Seven-Year Follow-up of a Multiple-Health-Behavior Diabetes Intervention

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Abstract:

Objective : To examine the long-term effects of multiple health-behavior changes from the Mediterranean Lifestyle Program.

Methods : The randomized trial targeted postmenopausal women with type 2 diabetes (N 279) at high risk for heart disease. The intervention featured a weekend retreat followed by regular meetings over 24 months to enhance healthful eating, physical activity (PA), stress management, and support behaviors.

Results : Long-term analyses indicated that significant improvements made in the targeted behaviors during the active treatment phase of the study (at 6, 12, and 24 months) were partially maintained during the nontreatment phase of the study, through 5 years postintervention contact for dietary behavior and stress management, and 1-year posttreatment for PA.

Conclusions : This moderate-intensity group-based intervention produced health behavior changes that tended to plateau or return to baseline levels 1 to 5 years after treatment.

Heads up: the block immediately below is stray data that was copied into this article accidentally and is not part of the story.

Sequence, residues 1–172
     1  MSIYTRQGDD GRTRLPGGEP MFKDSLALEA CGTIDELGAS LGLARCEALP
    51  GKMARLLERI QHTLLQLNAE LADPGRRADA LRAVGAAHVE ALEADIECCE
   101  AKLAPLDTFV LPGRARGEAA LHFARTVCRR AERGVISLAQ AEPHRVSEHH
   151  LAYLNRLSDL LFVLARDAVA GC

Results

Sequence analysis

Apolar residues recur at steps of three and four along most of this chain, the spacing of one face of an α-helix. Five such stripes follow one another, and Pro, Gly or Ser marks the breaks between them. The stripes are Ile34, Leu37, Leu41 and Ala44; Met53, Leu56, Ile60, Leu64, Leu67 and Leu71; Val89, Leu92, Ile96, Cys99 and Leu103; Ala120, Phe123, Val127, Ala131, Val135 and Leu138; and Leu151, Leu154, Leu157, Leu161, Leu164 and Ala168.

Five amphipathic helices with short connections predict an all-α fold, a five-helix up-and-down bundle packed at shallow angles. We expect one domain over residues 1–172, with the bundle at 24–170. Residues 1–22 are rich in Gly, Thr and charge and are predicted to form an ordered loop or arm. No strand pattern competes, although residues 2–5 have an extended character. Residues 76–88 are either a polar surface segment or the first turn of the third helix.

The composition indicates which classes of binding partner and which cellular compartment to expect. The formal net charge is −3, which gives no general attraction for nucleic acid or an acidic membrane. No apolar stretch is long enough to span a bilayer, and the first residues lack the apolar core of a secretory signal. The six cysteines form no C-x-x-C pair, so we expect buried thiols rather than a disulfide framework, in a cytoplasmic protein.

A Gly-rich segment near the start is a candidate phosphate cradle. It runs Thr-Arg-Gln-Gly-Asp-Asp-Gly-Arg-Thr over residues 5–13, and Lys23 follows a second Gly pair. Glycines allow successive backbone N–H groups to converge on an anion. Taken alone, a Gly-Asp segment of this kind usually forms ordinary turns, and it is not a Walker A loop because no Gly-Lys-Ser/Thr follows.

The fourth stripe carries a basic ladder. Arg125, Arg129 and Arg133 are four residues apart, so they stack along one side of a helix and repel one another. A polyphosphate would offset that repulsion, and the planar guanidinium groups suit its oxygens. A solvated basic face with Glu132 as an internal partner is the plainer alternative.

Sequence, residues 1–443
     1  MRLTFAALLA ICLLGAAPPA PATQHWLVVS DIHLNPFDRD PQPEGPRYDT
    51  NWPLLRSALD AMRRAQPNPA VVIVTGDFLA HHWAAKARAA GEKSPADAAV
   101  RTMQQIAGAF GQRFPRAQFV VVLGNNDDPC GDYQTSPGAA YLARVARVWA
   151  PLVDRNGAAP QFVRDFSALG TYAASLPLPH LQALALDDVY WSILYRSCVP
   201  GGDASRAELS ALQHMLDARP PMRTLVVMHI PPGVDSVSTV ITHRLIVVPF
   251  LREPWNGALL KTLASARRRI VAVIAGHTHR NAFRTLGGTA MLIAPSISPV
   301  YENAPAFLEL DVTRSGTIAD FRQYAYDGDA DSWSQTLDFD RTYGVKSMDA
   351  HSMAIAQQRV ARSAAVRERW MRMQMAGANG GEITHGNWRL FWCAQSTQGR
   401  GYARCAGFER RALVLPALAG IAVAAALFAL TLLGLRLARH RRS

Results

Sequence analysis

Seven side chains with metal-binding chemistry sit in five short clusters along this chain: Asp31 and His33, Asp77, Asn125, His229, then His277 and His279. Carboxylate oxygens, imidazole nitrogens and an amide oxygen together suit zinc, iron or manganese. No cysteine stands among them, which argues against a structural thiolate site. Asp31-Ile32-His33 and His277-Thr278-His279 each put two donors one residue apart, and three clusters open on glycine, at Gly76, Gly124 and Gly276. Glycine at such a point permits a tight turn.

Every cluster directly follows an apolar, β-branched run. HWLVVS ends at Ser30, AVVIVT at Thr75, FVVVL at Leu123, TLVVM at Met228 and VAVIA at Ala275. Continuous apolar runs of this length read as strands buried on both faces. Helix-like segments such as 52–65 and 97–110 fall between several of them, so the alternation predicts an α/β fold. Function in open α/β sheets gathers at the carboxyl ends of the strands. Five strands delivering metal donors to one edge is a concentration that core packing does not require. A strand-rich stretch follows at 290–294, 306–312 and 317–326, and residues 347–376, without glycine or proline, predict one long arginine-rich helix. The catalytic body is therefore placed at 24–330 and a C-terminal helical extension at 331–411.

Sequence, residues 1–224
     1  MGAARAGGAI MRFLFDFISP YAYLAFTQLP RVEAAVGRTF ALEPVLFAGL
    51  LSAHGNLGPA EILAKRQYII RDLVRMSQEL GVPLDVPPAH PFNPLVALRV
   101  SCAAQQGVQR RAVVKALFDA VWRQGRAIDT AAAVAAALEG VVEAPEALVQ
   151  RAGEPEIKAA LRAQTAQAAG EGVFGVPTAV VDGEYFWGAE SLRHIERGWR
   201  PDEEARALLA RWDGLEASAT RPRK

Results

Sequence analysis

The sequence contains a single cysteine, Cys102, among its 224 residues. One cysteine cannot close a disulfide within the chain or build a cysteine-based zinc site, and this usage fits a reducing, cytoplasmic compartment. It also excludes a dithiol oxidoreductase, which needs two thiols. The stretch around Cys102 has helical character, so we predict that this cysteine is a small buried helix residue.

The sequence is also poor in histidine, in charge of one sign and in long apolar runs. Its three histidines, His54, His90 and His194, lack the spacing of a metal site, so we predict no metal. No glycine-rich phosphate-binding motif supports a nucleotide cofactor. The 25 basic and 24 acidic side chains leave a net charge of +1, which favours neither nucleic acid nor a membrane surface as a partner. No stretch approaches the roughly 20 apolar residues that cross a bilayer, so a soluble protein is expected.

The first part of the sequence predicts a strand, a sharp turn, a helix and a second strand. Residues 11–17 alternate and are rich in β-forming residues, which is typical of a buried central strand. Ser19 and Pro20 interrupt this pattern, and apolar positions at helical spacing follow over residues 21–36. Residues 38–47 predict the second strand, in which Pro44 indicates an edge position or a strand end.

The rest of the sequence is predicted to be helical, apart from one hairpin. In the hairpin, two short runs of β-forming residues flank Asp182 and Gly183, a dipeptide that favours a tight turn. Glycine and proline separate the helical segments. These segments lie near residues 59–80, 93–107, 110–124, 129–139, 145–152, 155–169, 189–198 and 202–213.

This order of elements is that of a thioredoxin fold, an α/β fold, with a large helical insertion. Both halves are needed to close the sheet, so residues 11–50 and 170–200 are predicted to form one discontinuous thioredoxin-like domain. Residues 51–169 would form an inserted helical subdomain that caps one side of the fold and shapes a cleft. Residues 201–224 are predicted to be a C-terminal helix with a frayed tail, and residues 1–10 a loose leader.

Keywords: diabetes; long-term; multiple health behaviors; randomized controlled trial; women

Document Type: Research Article

DOI: http://dx.doi.org/10.5993/AJHB.34.6.5

Affiliations: 1 Senior Research Scientist, Oregon Research Institute, Eugene, OR.

Publication date: November 1, 2010

More about this publication?
  • The American Journal of Health Behavior seeks to improve the quality of life through multidisciplinary health efforts in fostering a better understanding of the multidimensional nature of both individuals and social systems as they relate to health behaviors.

    The Journal aims to provide a comprehensive understanding of the impact of personal attributes, personality characteristics, behavior patterns, social structure, and processes on health maintenance, health restoration, and health improvement; to disseminate knowledge of holistic, multidisciplinary approaches to designing and implementing effective health programs; and to showcase health behavior analysis skills that have been proven to affect health improvement and recovery.

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